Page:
Steven Mouritsen grew up about 10 miles outside of Boise, Idaho, and spent a considerable amount of time nestled among the Ponderosa Pine along the Payette River, fishing for rainbow trout.

So when Mouritsen, who is incarcerated at the Idaho State Correctional Center, was given the opportunity to reconnect with nature as part of the Sagebrush in Prisons Project, the 32 year old signed up in the blink of an eye.

“We don’t typically get outside a lot,” he says. “So to work with plants, get our hands dirty, it’s a real good experience. I’ve always been into the outdoors, botany and hunting.”

Mouritsen is among hundreds of prisoners across eight states, including California, Oregon and Nevada, who are restoring sagebrush, a threatened keystone plant that plays a crucial role in United States ecosystems. Led by the Institute for Applied Ecology, a nonprofit, the initiative has since 2014 provided saplings to the Bureau of Land Management (BLM), a federal agency, to replant in lands scarred by wildfire — in particular the habitat of the greater sage-grouse, a chubby, ground-dwelling bird known for its spellbinding mating dances. 

While sagebrush, typically found at elevations of 100 to 7,000 feet in areas with little rain, is incredibly tough, its seeds are tiny and aren’t particularly resilient. After a fire, it can take 30 years for sagebrush to regrow. In the western US, where the average annual area burned in large forest fires grew by about 1,200 percent between the 1970s and the 2000s, sagebrush coverage has halved.  

Sagebrush in Prisons participants working
Sagebrush in Prisons participants feed, water, weed and keep track of plant health. Credit: Idaho Department of Correction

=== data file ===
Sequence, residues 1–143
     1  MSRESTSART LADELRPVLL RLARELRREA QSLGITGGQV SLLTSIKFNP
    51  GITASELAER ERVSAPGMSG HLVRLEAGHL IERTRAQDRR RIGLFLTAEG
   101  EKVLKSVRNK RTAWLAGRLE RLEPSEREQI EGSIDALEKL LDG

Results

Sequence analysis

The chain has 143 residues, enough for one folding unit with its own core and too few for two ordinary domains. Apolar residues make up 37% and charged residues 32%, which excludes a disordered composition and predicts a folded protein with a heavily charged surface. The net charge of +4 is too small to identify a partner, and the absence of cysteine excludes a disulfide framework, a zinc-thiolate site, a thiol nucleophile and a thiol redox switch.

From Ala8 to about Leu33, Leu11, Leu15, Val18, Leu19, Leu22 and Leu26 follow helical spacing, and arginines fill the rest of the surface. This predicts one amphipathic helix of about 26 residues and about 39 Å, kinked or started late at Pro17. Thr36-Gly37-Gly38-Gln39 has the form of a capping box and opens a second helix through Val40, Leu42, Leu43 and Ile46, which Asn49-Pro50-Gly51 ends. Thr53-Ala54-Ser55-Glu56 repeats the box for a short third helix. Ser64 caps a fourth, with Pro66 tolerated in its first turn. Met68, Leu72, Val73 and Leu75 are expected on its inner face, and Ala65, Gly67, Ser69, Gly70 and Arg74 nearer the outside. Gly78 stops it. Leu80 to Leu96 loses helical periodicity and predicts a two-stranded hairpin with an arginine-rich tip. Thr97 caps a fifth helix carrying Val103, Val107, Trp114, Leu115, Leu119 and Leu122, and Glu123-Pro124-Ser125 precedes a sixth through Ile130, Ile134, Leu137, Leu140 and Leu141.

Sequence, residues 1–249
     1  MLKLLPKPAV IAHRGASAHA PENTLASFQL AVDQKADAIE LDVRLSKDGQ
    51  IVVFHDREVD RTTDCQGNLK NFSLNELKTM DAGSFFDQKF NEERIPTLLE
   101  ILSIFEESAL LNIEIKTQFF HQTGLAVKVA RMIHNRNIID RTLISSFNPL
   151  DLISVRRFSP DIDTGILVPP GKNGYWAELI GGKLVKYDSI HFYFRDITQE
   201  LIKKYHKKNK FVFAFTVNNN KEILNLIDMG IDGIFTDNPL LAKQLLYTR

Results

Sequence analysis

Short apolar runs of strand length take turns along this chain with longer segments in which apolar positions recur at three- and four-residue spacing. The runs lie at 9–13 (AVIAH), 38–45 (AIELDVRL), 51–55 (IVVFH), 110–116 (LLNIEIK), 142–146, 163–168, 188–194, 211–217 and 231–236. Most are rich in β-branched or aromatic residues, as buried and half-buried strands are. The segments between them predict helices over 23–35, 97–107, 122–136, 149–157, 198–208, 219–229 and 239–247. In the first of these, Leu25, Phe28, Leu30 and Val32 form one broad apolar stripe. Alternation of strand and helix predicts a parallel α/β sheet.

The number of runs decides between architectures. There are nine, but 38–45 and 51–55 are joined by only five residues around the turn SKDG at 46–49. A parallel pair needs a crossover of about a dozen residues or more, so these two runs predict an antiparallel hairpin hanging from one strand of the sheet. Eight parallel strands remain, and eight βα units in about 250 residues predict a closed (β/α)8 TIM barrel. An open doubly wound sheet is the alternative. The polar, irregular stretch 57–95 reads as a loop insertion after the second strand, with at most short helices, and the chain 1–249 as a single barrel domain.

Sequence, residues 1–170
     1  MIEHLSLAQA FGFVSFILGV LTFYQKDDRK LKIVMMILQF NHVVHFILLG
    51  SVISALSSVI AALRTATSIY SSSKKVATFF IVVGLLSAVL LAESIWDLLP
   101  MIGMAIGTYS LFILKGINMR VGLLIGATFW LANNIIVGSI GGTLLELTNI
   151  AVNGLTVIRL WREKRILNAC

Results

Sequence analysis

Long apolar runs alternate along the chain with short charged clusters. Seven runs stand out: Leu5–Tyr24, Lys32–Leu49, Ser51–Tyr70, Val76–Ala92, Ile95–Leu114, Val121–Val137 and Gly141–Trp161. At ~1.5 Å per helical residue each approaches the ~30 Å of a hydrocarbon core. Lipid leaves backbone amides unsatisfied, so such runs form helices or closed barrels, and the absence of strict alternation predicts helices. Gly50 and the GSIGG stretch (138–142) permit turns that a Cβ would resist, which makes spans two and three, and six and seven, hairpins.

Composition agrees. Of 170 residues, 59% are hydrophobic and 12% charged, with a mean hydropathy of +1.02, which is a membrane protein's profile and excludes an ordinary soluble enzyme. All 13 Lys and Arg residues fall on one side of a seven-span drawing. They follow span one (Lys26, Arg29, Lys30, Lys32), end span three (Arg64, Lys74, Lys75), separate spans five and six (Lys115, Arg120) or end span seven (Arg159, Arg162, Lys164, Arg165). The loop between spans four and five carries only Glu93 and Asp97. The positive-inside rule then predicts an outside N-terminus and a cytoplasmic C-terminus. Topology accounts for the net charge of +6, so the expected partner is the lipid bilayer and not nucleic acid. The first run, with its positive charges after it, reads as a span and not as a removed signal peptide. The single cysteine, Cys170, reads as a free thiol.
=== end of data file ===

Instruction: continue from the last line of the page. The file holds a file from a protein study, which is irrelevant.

“We struggled in the BLM to get shrubs established on our wildfire areas,” says Holly Hovis, Sagebrush in Prisons coordinator and a former BLM botanist. But Hovis says the success rate of planting the program’s saplings is 75 percent versus the 25 percent obtained from simply sowing seeds. 

In the first year of the program, participants at the Snake River Correctional Institution in Oregon grew 20,000 plants. By 2021, prisoners at a total of 18 facilities nurtured more than 500,000 plants. They sow seeds and care for the plants, spending several hours a day feeding, watering, weeding and keeping track of plant health. (In the past, diseases have hampered the scheme).

Meanwhile, the Sagebrush in Prisons Project also provides opportunities for incarcerated adults to cultivate team building and horticulture skills, hone an interest in ecology, and improve employability. “The residents are extremely hungry for any kind of education,” Hovis says. “It can be life-changing for them.”

Work and leisure time opportunities for incarcerated people in the US are usually extremely limited, according to Aaron Littman, assistant professor at UCLA School of Law. He has litigated class actions challenging solitary confinement and inadequate mental healthcare in prisons, problems that have only been compounded by pandemic-related restrictions.

“They’re generally not free to participate in the labor market, take jobs, classes and programs,” he says. “I think that to the extent these programs are voluntary and safe, I think it’s a good thing that they are offering it. It gives purpose to a day that can be full of idleness and it can come along with privileges such as sentencing credit.”